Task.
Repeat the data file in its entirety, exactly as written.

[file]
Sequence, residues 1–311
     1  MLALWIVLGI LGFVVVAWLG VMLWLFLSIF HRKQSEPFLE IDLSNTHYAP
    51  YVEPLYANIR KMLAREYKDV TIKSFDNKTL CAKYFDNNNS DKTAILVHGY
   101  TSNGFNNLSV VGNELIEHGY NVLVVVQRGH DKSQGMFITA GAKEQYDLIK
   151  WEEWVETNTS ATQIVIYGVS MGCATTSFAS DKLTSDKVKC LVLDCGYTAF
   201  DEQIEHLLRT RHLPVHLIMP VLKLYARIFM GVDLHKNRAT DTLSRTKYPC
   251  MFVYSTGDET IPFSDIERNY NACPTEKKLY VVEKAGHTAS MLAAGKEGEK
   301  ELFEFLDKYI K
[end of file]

Sequence, residues 1–311
     1  MLALWIVLGI LGFVVVAWLG VMLWLFLSIF HRKQSEPFLE IDLSNTHYAP
    51  YVEPLYANIR KMLAREYKDV TIKSFDNKTL CAKYFDNNNS DKTAILVHGY
   101  TSNGFNNLSV VGNELIEHGY NVLVVVQRGH DKSQGMFITA GAKEQYDLIK
   151  WEEWVETNTS ATQIVIYGVS MGCATTSFAS DKLTSDKVKC LVLDCGYTAF
   201  DEQIEHLLRT RHLPVHLIMP VLKLYARIFM GVDLHKNRAT DTLSRTKYPC
   251  MFVYSTGDET IPFSDIERNY NACPTEKKLY VVEKAGHTAS MLAAGKEGEK
   301  ELFEFLDKYI K